My publisher found this article by Tom Noel (www.coloradowebsites.com/dr-colorado) who teaches history at the University of Colorado, Denver and appears as Dr. Colorado on Channel 9's "Colorado & Company" every other Tuesday. I thought you would enjoy it.
"Soapy" Smith was Denver's original tourist attraction
By Tom Noel
Article Launched: 09/14/2008 12:30:00 AM MDT
Denver needs a celebrity bad guy — someone who will draw in the tourists.
Chicago has Al Capone and Glenwood Springs has Doc Holliday, the gun-singing dentist. After the famous Tombstone shootout, Doc came to cure himself in Glenwood's hot springs and wound up as the star attraction of the town's cemetery. Glenwood celebrates not only his tombstone (even if the body may not lie under it), but there's also the Doc Holliday Saloon — just look for the 5-foot neon pistol on Main Street.
Once upon a time, our town had a most colorful villain, Jefferson Randolph "Soapy" Smith, the king of all Western con-men. In Denver, Soapy earned his nickname, opening up a suitcase and offering downtown crowds a chance at easy money. He would flamboyantly wrap a $100 bill around a soap bar before sealing it with pretty pastel tissue. That bar would go on display with the other soap bars. Soapy sang out ads such as: "When you raise your arm, do you lose your charm?" For a mere $1, anyone could pick any bar and take it home.
Soapy's bills, of course, went only to his confederates, whose whoops of elation could be heard for blocks away. Two Denver police officers were among Soapy's early customers. When he balked at giving them his name, they booked him as Soapy Smith. The name stuck.
Soapy became a star at recruiting, registering, instructing and shepherding voters to the polls where they voted early and often. He masterminded the 1889 election of Mayor Wolf Londoner, an election so blatantly crooked that Londoner became the only Denver mayor forced to step down.
During Denver's notorious City Hall War of 1893, Soapy defended a corrupt city hall against the reform troops of Gov. Davis H. Waite. Supposedly while waving a stick of dynamite from atop the old city hall at 14th and Larimer, Soapy Smith yelled down at the forces of reform, "I'm closer to heaven than you are, but if you come any closer, you will get there first"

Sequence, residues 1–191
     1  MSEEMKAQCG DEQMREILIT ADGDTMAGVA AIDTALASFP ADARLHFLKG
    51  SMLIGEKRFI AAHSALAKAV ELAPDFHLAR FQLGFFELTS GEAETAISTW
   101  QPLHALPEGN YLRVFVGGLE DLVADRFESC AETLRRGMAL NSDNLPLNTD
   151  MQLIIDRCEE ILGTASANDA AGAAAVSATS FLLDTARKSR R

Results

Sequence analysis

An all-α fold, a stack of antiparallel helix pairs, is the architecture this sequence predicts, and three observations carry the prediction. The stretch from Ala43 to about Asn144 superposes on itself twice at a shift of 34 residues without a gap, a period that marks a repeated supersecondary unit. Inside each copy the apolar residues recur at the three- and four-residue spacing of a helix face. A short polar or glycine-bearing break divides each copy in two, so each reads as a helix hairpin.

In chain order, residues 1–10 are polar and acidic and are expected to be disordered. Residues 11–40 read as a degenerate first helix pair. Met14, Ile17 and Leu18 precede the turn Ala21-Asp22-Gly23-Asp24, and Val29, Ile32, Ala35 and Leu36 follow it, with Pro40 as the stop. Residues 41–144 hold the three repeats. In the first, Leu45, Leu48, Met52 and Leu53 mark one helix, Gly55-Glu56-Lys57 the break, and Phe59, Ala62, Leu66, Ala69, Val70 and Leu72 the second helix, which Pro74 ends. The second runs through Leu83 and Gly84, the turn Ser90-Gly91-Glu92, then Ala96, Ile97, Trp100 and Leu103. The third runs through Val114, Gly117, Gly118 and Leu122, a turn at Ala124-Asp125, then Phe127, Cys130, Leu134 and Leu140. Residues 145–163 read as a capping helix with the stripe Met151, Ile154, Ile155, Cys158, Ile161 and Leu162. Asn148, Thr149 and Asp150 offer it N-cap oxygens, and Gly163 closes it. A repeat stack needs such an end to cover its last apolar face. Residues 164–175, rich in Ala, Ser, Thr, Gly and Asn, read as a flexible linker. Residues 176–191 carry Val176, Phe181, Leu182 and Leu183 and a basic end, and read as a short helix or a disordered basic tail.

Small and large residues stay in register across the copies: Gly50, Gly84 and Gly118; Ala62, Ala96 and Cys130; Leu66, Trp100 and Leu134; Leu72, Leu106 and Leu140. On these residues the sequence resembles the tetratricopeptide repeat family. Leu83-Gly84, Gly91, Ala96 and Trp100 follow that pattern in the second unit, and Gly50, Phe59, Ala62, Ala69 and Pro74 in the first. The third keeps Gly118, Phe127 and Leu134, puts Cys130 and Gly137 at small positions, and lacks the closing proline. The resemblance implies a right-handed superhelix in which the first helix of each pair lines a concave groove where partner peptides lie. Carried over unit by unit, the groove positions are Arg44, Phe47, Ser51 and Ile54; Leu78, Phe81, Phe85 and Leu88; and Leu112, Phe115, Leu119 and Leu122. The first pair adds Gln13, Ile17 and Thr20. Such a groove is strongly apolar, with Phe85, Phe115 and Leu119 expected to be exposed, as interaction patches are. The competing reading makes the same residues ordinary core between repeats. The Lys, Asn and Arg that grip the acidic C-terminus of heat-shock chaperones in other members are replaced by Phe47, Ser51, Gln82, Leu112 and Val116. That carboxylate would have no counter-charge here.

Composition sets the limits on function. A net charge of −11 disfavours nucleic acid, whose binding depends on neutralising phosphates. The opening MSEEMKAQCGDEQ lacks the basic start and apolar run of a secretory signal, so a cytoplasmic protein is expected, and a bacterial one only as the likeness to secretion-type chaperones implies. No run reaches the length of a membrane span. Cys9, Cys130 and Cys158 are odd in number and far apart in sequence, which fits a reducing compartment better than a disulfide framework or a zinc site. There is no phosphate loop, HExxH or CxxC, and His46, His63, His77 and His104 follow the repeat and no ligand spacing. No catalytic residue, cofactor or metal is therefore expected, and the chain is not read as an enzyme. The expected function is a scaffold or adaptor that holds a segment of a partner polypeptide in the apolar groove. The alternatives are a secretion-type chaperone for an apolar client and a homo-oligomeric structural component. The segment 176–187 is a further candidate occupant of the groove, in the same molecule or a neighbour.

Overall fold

When reformers prevailed, Soapy was run out of Denver. He headed for Skagway, Alaska, where he is now the town's pride and joy. The National Park Service is restoring Jeff Smith's Parlor, a saloon, gambling hall and "business office" for Soapy's gang, which ran the town and fleeced the thousands of fortune seekers pouring into this base camp for the great Klondike Gold Rush of 1898.
Homesick hordes of lonely miners were desperate to get in touch with loved ones, so Soapy obligingly set up a telegraph office in his parlor. There he would relay messages back to the states. Astonishingly, the senders would get immediate replies such as "Little Billy is sick. Please send $100 as soon as possible to pay the doctor." Even after losing their last dollars on such scams, few checked out the back of the parlor to see where the "telegraph" wire disappeared into the cold, salty waters of Alaska's Inland Passage.
Skagway features a "Dangerous Days of '98" melodrama centered on Soapy's shenanigans and a "Ghosts & Goodtime Girls" tour with a visit to his grave. Townsfolk buried him just outside the cemetery, putting Jefferson Randolph Smith where he had long belonged: behind bars. Heavy metal bars enclose his burial plot.
As we newspaper readers know, bad news sells better than good. Sinners are more fascinating than saints. Denver needs a new heritage tourism magnet. Bring back Soapy to bring in the tourists — and the voters. When he ran Denver elections, we had more than a 100 percent turnout!